February 3rd 2019



  1. Parish Bulletin for Holy Family
  2. Newsletter for St Benedict's
  3. This Sunday's Readings
  4. Sunday Reflection

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This Sunday's Readings

First Reading                   Jeremiah 1:4-5.17-19

In the days of Josiah, the word of the Lord was addressed to me, saying:

"Before I formed you in the womb I knew you;
before you came to birth I consecrated you;
I have appointed you as prophet to the nations.
So now brace yourself for action. Stand up and tell them all I command you.
Do not be dismayed at their presence or in their presence I will make you dismayed.
I, for my part, today will make you into a fortified city,
a pillar of iron, and a wall of bronze to confront all this land:
the kings of Judah, its princes, its priests and the country people.
They will fight against you but shall not overcome you, for I am with you to deliver you
¬ it is the Lord who speaks."

Second Reading                    I Corinthians 12:31-13:13

Be ambitious for the higher gifts. And I am going to show you a way that is better than any of them. If I have all the eloquence of men or of angels, but speak without love, I am simply a gong booming or a cymbal clashing. If I have the gift of prophecy, understanding all the mysteries there are, and knowing everything, and if I have faith in all its fullness, to move mountains, but without love, then I am nothing at all. If I give away all that I possess, piece by piece, and if I even let them take my body to burn it, but am without love, it will do me no good whatever. Love is always patient and kind: it is never jealous; love is never boastful or conceited; it is never rude or selfish; it does not take offence, and is not resentful. Love takes no pleasure in other people's sins but delights in the truth; it is always ready to excuse, to trust, to hope, and to endure whatever comes: Love does not come to an end. But if there are gifts of prophecy, the time will come when they must fail; or the gift of languages, it will not continue for ever; and knowledge, for this, too, the time will come when it must fail. For our knowledge is imperfect and our prophesying is imperfect; but once perfection comes, all imperfect things will disappear.

When I was a child, I used to talk like a child, and think like a child, and argue like a child, but now I am a man, all childish ways are put behind me. Now we are seeing a dim reflection in a mirror; but then we shall be seeing face to face. The knowledge that I have now is imperfect; but then I shall know as fully as I am known. In short, there are three things that last: faith, hope and love; and the greatest of these is love.

Gospel Reading                        Luke 4:21-30

Jesus began to speak in the synagogue: "This text is being fulfilled today even as you listen." And he won the approval of all, and they were astonished by the gracious words that came from his lips. They said: "This is Joseph's son, surely?" But he replied, "No doubt you will quote me the saying, "Physician, heal yourself" and tell me, "We have heard all that happened in Capernaum, do the same here in your own countryside." And he went on, "I tell you solemnly, no prophet is ever accepted in his own country. There were many widows in Israel, l can assure you, in Elijah's day, when heaven remained shut for three years and six months and a great famine raged throughout the land, but Elijah was not sent to anyone of these: he was sent to a widow at Zarephath, a Sidonian town. And in the prophet Elisha's time there were many lepers in Israel, but none of these was cured, except the Syrian, Naaman." When they heard this everyone in the synagogue was enraged. They sprang to their feet and hustled him out of the town; and they took him up to the brow of the hill their town was built on, intending to throw him down the cliff, but he slipped through the crowd and walked away.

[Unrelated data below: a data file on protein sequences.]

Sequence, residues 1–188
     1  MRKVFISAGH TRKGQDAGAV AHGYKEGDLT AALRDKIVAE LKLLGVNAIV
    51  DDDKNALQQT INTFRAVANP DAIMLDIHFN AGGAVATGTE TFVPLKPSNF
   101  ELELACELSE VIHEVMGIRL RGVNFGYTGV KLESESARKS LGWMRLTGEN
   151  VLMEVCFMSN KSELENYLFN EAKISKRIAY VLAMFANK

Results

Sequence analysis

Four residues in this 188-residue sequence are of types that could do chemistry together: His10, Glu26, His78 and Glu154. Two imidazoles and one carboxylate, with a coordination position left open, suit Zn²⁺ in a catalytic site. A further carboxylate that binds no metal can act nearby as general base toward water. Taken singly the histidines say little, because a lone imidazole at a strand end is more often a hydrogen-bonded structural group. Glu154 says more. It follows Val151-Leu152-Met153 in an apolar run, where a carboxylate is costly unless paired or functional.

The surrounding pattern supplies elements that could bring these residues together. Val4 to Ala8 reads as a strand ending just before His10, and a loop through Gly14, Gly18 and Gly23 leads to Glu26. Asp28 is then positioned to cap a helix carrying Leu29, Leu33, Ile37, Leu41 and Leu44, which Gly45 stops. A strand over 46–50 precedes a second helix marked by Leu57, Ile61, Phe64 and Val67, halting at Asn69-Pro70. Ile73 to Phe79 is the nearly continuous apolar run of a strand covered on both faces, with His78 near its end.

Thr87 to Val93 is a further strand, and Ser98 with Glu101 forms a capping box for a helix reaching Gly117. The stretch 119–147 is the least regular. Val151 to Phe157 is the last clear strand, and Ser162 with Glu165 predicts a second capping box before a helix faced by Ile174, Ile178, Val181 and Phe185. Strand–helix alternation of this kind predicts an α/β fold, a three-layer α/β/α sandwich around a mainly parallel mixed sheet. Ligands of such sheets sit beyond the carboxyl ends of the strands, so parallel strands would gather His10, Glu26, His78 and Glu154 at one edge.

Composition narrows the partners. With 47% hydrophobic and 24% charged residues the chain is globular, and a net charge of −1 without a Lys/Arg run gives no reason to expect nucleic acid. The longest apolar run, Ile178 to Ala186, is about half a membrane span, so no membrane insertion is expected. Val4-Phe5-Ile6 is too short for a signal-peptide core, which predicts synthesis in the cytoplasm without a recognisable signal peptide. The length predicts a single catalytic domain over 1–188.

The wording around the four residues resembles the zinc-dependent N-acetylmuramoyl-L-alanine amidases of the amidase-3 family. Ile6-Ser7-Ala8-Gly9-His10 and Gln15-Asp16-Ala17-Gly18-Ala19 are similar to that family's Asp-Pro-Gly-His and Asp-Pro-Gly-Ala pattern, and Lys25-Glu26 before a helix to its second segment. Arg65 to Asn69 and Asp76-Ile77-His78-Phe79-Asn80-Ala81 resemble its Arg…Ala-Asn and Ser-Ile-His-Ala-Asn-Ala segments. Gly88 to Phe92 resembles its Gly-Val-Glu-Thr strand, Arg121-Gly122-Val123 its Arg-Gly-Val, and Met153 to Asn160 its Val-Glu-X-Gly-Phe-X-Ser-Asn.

Sunday Reflection 4th Sunday in Ordinary Time (03.02.19)

Home Truths

Centuries ago God's choice identified a nomadic Middle-Eastern desert-dwelling tribe. God settled his tribe, the Israelites, under the leadership of Abraham, the founding father of the covenant between God and his chosen. Through Abraham, God revealed to the Israelites their mission. They were to promulgate knowledge of the Messiah promised by God. God's Messiah, his only-begotten Son become man, would be an Israelite. Over time the Israelites morphed into the people now known as Jews. They spread all over the globe and, in so doing, disseminated knowledge of the Messiah they had been promised who would be one of their own. In this sense the Jews have been successful in fulfilling their mission to share widely knowledge of God's promised Messiah. But, in rejecting belief in the Jew, Jesus of Nazareth as that Messiah, the Son of God made Man, they have denied themselves, up to the present time, access to the salvation that God had promised them. Jesus himself felt the pain of their refusal to acknowledge him, as Luke recalls in 19:41-44:
"As Jesus approached Jerusalem and saw the city, he wept over it and said, "If you, even you, had only known on this day what would bring you peace--but now it is hidden from your eyes. The days will come upon you when your enemies will build an embankment against you and encircle you and hem you in on every side. They will dash you to the ground, you and the children within your walls. They will not leave one stone on another, because you did not recognize the time of God's coming to you."